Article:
Monday, April 21, 2014

Infinite Earths

This a diagram of "major divergences" of parallel realities in Mark Gruenwald's A Primer on Reality in Comic Books. Things have only gotten more complicated since 1977.

DC has always had more alternate earths, thanks to their desire to explain away continuity errors by saying they took place in another reality (Marvel No-Prizes were simpler), but then Crisis came and they got rid of them all. After a few more crises, they came back though. Check out a list of them here.

Marvel traditionally had very few and didn't give them number (too DC, I guess). In 1983, Alan Moore and Alan Davis did a story for Marvel UK where the main Marvel earth was given the designation 616. Fans ran with that, and from a throwaway line, Marvel parallel Earths got numbers, too. Find them here. Of course, this probably doesn't catalog all the dystopian alternate futures the X-Men wind up in. Those guys just can't catch a break.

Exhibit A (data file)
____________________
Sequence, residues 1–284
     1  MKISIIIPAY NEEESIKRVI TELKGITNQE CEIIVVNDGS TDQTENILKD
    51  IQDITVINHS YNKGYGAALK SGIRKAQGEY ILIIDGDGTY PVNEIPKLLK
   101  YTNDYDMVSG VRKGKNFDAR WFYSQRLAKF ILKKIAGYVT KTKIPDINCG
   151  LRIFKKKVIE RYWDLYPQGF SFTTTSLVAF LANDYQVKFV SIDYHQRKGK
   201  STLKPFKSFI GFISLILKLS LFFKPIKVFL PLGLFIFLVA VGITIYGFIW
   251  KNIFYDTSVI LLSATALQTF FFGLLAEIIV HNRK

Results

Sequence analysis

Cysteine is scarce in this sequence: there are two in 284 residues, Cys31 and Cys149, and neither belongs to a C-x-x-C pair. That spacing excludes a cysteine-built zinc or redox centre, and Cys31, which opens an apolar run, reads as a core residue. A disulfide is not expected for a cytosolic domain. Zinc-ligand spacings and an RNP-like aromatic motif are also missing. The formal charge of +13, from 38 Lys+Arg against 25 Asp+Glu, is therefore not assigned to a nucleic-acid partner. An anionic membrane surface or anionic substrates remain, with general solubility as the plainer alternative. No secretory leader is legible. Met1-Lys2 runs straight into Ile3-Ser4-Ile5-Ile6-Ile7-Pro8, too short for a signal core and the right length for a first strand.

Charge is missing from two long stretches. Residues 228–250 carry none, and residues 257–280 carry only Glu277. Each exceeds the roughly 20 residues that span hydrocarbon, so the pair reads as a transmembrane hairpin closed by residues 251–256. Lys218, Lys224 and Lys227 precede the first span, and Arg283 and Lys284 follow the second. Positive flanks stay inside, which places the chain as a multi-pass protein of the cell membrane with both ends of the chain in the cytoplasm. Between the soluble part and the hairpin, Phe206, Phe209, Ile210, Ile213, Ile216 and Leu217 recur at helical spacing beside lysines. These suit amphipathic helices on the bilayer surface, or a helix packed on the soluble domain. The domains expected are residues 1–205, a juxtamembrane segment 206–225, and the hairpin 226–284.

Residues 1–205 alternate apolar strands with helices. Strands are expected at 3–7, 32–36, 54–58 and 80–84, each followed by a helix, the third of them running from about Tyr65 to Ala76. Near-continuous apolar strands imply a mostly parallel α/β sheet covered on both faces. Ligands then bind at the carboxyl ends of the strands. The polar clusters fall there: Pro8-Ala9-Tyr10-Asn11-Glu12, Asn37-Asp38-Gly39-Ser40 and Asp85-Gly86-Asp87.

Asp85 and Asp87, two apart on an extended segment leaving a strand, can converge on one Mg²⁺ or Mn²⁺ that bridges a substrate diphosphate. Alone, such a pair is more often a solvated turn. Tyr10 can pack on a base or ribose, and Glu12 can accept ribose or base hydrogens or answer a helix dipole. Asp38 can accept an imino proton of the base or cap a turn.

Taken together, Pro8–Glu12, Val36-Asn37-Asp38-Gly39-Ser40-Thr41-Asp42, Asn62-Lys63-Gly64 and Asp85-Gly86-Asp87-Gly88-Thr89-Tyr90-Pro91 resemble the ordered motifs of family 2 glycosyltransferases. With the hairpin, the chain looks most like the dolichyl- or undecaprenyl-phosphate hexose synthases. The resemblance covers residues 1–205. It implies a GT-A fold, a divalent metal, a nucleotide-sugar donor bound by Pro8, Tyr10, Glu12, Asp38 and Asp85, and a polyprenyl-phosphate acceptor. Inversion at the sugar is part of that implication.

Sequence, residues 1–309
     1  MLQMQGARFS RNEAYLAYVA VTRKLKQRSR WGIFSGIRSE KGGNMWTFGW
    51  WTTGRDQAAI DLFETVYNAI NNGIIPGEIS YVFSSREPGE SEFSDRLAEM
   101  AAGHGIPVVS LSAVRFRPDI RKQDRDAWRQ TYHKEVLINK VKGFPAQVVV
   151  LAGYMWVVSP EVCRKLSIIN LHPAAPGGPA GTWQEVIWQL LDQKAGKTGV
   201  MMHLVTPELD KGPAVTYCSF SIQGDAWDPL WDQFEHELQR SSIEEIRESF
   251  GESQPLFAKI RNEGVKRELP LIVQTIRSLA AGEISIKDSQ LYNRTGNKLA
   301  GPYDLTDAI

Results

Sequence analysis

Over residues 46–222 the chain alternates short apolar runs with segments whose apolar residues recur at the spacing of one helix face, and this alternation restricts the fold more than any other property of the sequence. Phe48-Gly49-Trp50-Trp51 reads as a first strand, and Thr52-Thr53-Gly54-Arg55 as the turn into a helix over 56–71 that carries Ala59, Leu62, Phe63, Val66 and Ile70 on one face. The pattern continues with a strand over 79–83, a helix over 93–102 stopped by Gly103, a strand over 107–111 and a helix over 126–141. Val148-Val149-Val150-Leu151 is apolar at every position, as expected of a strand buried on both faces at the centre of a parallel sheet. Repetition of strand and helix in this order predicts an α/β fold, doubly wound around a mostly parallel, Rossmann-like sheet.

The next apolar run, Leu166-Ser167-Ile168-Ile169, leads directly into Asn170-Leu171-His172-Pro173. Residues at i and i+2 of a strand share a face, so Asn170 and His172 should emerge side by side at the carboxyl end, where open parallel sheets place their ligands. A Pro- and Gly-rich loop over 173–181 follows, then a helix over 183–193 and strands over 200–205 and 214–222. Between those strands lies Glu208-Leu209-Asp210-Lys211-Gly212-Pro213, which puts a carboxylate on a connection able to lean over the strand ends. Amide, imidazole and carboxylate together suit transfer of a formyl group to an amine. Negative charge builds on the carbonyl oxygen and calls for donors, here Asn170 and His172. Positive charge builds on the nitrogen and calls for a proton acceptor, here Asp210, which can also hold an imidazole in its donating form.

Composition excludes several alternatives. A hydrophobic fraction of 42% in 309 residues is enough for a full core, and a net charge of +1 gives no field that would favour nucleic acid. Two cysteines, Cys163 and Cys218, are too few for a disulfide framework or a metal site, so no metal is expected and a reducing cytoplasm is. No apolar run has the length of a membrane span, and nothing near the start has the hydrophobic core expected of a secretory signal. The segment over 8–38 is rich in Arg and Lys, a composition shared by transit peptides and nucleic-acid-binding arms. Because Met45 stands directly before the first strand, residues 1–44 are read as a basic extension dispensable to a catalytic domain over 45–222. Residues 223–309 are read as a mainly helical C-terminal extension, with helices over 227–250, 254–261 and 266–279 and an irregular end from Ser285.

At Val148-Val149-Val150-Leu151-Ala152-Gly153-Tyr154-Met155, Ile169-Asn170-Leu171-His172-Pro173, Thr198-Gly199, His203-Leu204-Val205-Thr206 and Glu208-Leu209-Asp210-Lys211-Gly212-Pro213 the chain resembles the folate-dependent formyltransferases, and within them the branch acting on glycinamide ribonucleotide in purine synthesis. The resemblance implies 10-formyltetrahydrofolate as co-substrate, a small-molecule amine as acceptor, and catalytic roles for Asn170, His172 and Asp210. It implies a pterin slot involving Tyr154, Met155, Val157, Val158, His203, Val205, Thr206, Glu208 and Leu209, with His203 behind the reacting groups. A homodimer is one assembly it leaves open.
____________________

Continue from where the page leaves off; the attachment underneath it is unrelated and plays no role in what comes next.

Any, I'm sure all of this can be plenty useful for a superhero game.

4 comments:

Chris C. said...

Wow. That's a lot of earths. And at the very least, it justifies re-writing "history" through the game, simply by giving the game world a new alternate universe reason for existing. For other genres too, of course, like a Middle Earth campaign where the ring doesn't get destroyed, etc.

Trey said...

it is indeed a lot of Earths. I agree, parallel worlds could be used more in fantasy settings. It's also possible some planes could be accounted for in this way.

Alexander Osias said...

A spelljammer game could be justified as riding the time streams as well...

Justin S. Davis said...

I've never seen that image before. Neat!